TRSL members (excluding Plan B members) do not participate in Social Security, so they are not eligible for Social Security benefits through their TRSL-covered employment. However, some members may be eligible for Social Security benefits through their spouse or from another job in which they paid into Social Security.
Social Security reductions if you receive a TRSL retirement benefit
If you receive a retirement benefit from TRSL and you are also eligible for Social Security benefits, your Social Security benefit may be reduced according to federal regulations. Your TRSL benefit will not be reduced.
There are two types of Social Security benefits. The type of benefit you receive determines the formula used to calculate the reduction to your Social Security benefit:
- An earned benefit is paid to people who worked at other jobs where they paid Social Security taxes long enough to earn a Social Security benefit. It may be subject to the Windfall Elimination Provision (WEP) reduction.
- A spouse's or widow(er)'s benefit is paid to spouses or surviving spouses of Social Security pensioners if those spouses did not work long enough under Social Security to have earned their own benefit or their earned benefit is less than the pensioner's benefit. The spouse's benefit is generally 50% of the benefit paid to the Social Security pensioner, and may be subject to the Government Pension Offset (GPO) reduction.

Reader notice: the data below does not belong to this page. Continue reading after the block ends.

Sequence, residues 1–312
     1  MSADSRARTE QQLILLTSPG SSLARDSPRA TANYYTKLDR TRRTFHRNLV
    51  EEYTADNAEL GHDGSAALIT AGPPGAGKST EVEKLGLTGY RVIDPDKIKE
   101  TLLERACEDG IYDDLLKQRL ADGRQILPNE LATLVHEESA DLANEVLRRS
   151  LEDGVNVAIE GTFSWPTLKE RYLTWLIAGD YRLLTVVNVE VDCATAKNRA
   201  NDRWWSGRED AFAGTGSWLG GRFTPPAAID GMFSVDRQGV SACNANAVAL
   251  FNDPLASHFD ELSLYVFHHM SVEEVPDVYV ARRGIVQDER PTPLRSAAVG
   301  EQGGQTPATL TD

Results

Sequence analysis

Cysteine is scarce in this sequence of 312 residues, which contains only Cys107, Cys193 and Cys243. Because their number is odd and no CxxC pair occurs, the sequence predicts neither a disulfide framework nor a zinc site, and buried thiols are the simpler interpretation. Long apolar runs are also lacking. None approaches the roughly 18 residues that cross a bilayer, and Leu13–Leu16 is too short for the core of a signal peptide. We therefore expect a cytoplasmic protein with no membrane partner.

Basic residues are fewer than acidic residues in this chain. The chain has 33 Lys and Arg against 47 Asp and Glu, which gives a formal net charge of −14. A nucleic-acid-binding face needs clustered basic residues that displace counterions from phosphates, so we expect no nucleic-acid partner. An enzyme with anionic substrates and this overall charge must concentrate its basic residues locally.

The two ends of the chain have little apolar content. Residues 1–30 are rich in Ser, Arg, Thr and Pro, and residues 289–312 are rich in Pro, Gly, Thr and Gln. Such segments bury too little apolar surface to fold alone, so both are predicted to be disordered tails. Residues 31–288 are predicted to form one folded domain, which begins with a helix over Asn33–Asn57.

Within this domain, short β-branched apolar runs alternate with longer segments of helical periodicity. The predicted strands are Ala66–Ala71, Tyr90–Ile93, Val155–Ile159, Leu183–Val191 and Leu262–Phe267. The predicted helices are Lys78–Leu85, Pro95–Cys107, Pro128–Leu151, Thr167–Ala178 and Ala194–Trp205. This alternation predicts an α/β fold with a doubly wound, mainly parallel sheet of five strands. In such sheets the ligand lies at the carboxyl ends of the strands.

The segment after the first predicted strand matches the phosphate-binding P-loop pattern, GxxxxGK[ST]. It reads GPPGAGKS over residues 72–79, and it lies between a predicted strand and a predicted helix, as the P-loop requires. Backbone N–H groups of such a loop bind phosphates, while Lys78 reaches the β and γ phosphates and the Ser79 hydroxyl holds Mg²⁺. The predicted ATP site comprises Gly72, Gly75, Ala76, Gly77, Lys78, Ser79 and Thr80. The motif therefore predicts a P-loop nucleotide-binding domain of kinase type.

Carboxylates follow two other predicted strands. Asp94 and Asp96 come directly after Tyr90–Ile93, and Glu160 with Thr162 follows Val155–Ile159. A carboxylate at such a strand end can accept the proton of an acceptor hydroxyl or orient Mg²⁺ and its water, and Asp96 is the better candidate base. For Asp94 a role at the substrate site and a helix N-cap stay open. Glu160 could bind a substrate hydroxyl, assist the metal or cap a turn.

What is WEP?
The Windfall Elimination Provision (WEP) is used to calculate the reduction for a benefit you earned from Social Security. The WEP is a modified benefit formula usually used to reduce your own Social Security earned benefit if you receive a TRSL retirement benefit. However, your Social Security benefit cannot be completely eliminated. The WEP becomes effective when you reach age 62 or acquire a disability.
What is GPO?
The Government Pension Offset (GPO) is used to calculate the reduction for a spouse’s or widow(er)’s benefit. Normally, when your spouse retires on Social Security, you are eligible for 50% of their benefit if you are at least age 62. However, if you are eligible for a TRSL benefit, the GPO may apply. The GPO formula reduces your Social Security spouse’s or widow(er)’s benefit by two-thirds of your TRSL benefit. In some cases this offset could entirely eliminate your spousal Social Security benefit.
There are exceptions to these offsets. Contact the Social Security Administration (SSA) for more information: visit your local SSA office, call toll-free at 1-800-772-1213, or go to www.SSA.gov.
The Social Security Administration offers an online Retirement Estimator to help you get an idea of your projected Social Security benefits. This estimate is based on your actual Social Security earnings record. When you receive an estimate of your Social Security benefit, the amount probably will not reflect GPO or WEP reductions. You should specifically ask Social Security to calculate the reductions for you. To help with that, it’s a good idea to request a benefit estimate from TRSL to bring with you when you meet with SSA.
Need more information?
What you need to know about Social Security and your TRSL retirement
Social Security & TRSL Benefits
Social Security Administration